5. Develop management skills
Another great value in cross-functionality is the honing of management skills. Managing a team, of course, doesn’t come naturally to everyone, thus it is a skill that must be polished by learning through experiences.
When teams are put together, management skills will be put to the test. You will need to develop special skills sets to work with diverse backgrounds and work styles as well as effectively lead a cross-functional team going through unique challenges.
6. Get to be in leadership roles
When you are working together with teams from different departments, you get the opportunity to be the boss or maybe even lead the way for your team. A manager, in turn, can give other members in a team the chance to lead a project so that they can learn how to lead in a leadership role as well as pump new life into a project.
7. Break stereotypes and benefit from diversity
Teams involve people from different areas, thus they will know the strengths of other teams. For example, when a tech team meets a non-tech team, they understand each other’s efforts and take advantage of their knowledge. You then start to share common goals and foster understanding. This type of understanding breaks down stereotypes and is a boon for businesses.
Also, a diverse group of people of different ages, backgrounds and thoughts can bring new innovation to the table.
8. Build team spirit
The process of cross-functional teamwork will afford you the opportunity to create teams of high performers that can address important issues, grow more resilient and tackle big challenges. Together a team can create a sense of unity and learn more about patience.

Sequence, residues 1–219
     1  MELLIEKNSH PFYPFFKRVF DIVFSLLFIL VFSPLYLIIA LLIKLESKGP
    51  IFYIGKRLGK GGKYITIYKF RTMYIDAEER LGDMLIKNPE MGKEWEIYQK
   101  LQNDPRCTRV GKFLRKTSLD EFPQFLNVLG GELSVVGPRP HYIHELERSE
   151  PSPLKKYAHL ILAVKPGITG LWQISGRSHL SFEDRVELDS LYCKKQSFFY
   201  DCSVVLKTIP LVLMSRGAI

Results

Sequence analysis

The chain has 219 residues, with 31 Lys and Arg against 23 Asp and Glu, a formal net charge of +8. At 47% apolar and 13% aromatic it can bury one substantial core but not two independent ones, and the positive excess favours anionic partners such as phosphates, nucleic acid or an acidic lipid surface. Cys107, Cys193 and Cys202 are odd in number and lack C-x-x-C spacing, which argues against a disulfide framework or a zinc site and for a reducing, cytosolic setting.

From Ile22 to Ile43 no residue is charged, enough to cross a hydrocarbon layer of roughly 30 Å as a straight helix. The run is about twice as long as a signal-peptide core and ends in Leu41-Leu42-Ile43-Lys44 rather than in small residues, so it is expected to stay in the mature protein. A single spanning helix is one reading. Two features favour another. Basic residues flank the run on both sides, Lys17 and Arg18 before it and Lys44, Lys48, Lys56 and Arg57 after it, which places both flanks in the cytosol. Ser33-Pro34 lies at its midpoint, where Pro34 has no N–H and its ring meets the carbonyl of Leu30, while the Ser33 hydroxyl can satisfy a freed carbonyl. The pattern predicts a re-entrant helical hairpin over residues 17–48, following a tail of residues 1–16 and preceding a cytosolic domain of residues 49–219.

Many teams in big organisations find it challenging to create cross-functional collaboration that goes the extra mile. So, you need to capitalise on time so that your cross-functional teams deliver their best as well as to their full advantage.
- If you decide that your project needs a cross-functional approach, adopt the following cross-functional collaboration best practices to help you form a collaborative team:
- Identify who has the best skills sets
- Ensure that the right people are selected
- Build ongoing relationships with stakeholders
- Invest in collaboration software
- Encourage co-operation between different units
- Create mutually-supportive goals
Finally, the success of a cross-functional team depends on certain factors, without which a team will always be struggling. These factors include:
- Highly-motivated team members
- Open-minded team members
- Management that supports the team
- No conflicting personal goals
- Teams are held accountable for accomplishing a mission
- Clear priorities/direction
- Adequate communication
Sandeep Kashyap is the Founder and CEO of ProofHub, a leading project management and collaboration software solution. He is always on the lookout for innovative ideas to address the communication gap between groups, teams and organisations. You will find him saying, “Let’s go!” instead of just “Go!”, many times a day. That is what makes him write about leadership in a way that inspires people to dream more, learn more, do more and become more.